Kidney disease may be the most common ailment of cats over the age of 9 years.

Kidneys are the organs in the body that are responsible for filtering out metabolic waste products from the blood, conserving water in the body, and producing urine. A cat’s body is a wonderful machine, and even though it works best with two kidneys, it can perform well with just one kidney or 50 percent function in both.

Your veterinarian (or personal doctor) might use the term “renal” to describe things that have to do with the kidneys. For example, “renal insufficiency” means loss of kidney function.

There are many diseases that can affect the kidneys, but regardless of the cause, most renal diseases are treated similarly. The prognosis for cats with kidney disease depends on whether the disease is acute or chronic. Long-standing problems tend to have less favorable outcomes. Unlike other vital organs, such as the liver, the kidneys do not regenerate.

The signs associated with kidney disease include increased thirst, increased urination, weight loss, dehydration, dental disease, and vomiting. Blood tests and urinalysis results will not indicate kidney function is compromised until more than 50 percent function is lost.

The most common parameters for evaluating kidney function are blood urea nitrogen levels or BUN and creatinine waste, and urine specific gravity. Cats typically have very concentrated urine, meaning it has low water content. In cats with kidney disease, the urine-specific gravity drops because the urine becomes dilute and too much water leaves the body.

Cats with kidney disease tend to become dehydrated. A skin turgor test is a simple procedure that cat owners can do at home to check on their cat’s hydration. If neck skin is pinched up and does not fall back into place within a second or two, the cat is significantly dehydrated. In this situation, injectable fluid is probably needed.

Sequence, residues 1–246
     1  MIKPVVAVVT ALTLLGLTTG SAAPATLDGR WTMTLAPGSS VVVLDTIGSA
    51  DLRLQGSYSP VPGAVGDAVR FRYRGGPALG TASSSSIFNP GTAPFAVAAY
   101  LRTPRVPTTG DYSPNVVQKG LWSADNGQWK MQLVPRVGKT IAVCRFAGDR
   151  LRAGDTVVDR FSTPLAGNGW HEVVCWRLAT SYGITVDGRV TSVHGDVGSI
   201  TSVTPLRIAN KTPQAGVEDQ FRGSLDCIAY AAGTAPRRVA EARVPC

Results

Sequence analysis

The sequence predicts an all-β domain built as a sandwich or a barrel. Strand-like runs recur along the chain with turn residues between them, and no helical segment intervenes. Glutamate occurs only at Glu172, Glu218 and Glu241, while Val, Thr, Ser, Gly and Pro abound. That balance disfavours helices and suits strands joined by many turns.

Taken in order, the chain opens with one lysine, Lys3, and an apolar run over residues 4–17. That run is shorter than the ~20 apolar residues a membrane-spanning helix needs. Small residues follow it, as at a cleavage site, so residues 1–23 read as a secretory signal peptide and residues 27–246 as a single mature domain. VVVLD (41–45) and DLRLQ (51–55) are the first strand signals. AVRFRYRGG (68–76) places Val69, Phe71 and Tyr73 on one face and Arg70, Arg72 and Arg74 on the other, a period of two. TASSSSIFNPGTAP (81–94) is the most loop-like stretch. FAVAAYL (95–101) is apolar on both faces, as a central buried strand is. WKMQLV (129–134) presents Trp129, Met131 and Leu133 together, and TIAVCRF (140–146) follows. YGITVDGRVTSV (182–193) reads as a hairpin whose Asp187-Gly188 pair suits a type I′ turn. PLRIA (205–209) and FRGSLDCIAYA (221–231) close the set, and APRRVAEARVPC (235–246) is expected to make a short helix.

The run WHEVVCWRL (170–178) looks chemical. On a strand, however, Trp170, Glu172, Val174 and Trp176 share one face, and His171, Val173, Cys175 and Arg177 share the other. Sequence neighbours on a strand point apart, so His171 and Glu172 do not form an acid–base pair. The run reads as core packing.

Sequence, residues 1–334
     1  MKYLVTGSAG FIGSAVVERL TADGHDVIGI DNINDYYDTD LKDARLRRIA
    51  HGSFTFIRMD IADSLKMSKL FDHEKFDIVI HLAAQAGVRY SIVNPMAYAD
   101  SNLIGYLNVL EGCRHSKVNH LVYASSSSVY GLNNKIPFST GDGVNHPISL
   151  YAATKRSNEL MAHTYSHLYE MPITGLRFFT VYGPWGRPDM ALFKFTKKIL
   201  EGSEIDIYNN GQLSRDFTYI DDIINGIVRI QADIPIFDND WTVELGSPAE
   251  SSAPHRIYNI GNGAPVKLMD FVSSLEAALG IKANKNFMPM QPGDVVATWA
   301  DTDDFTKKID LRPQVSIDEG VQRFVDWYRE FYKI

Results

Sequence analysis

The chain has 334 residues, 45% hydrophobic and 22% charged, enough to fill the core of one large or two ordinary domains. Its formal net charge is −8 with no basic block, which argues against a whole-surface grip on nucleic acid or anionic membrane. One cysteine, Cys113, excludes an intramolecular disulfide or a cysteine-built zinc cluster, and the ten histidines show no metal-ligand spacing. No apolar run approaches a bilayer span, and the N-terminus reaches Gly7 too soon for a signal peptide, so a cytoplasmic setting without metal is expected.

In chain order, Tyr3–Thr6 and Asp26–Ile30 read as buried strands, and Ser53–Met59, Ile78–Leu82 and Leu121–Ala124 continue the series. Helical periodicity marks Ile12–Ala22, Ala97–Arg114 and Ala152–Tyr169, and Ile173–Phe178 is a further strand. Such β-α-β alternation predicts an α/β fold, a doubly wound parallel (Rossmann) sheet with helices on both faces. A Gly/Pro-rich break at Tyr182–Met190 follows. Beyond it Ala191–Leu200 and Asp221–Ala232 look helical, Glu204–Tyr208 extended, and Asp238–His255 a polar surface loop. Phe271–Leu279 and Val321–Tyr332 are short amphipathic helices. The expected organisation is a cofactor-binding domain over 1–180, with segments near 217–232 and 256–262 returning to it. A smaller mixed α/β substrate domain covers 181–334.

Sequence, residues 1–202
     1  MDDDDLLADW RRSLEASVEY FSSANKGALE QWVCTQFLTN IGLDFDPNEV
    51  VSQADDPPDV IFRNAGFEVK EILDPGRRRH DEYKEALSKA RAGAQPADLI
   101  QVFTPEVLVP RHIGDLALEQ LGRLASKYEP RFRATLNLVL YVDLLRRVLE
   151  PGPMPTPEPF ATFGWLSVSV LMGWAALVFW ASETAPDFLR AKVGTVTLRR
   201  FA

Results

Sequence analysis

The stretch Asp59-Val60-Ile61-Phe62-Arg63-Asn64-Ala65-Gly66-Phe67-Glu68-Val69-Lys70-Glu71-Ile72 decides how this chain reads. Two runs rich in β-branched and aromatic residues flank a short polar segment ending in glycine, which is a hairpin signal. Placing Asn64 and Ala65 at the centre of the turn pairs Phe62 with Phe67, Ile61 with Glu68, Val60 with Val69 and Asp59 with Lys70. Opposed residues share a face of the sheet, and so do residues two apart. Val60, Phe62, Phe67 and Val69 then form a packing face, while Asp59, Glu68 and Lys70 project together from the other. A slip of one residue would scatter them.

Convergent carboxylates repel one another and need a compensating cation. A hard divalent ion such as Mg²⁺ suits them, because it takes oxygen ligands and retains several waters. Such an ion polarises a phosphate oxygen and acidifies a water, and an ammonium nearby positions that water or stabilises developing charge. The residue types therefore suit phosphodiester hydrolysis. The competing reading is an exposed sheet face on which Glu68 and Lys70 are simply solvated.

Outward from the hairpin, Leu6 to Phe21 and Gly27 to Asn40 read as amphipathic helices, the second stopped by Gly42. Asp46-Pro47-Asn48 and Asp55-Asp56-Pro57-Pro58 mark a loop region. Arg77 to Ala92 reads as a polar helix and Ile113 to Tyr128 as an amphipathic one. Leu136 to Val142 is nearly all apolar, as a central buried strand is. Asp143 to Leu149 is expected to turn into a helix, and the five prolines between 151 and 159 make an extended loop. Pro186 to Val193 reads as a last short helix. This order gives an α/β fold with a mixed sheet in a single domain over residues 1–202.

Pyelonephritis and glomerulonephritis are the terms used to describe infection and inflammation involving different cells within the kidneys. Because the kidneys filter all of the body’s blood, any infectious agent in the blood is transported to the kidneys.

Young adult cats are most often affected with glomerulonephritis, although it is not a common disease. It can present itself in two ways: nephrotic syndrome and renal failure. In nephrotic syndrome cats develop swelling from fluid in their abdominal cavity, high levels of protein in their urine, increased blood cholesterol levels, decreased blood albumin levels, mild weight loss and loss of appetite.

Kidney infections are serious and typically are treated by giving intravenous antibiotics. After initial treatment, oral antibiotics can be used, but three to six weeks of medication may be needed. When pyelonephritis is suspected, a urine culture and antibiotic sensitivity should be started before treatment begins, and repeated after treatment to be that the infection has cleared.

There are genetic kidney diseases seen in several breeds of purebred cats. The two most common types are renal amyloidosis in Abyssinians and Somalis, and polycystic kidney disease in Persians and Himalayans. These diseases cannot be cured and are progressive. Treatment focuses on keeping the cat comfortable and maintaining fluid and electrolyte balance.

There is no screening test for renal amyloidosis, but it is suspected in young to middle aged purebred cats that develop kidney disease of no other known cause. A kidney biopsy can show the particular protein deposits that are the characteristic of this disease.

Written by Dr. Wexler-Mitchell of The Cat Care Clinic in Orange, CA
Copyright © 2011 The Cat Care Clinic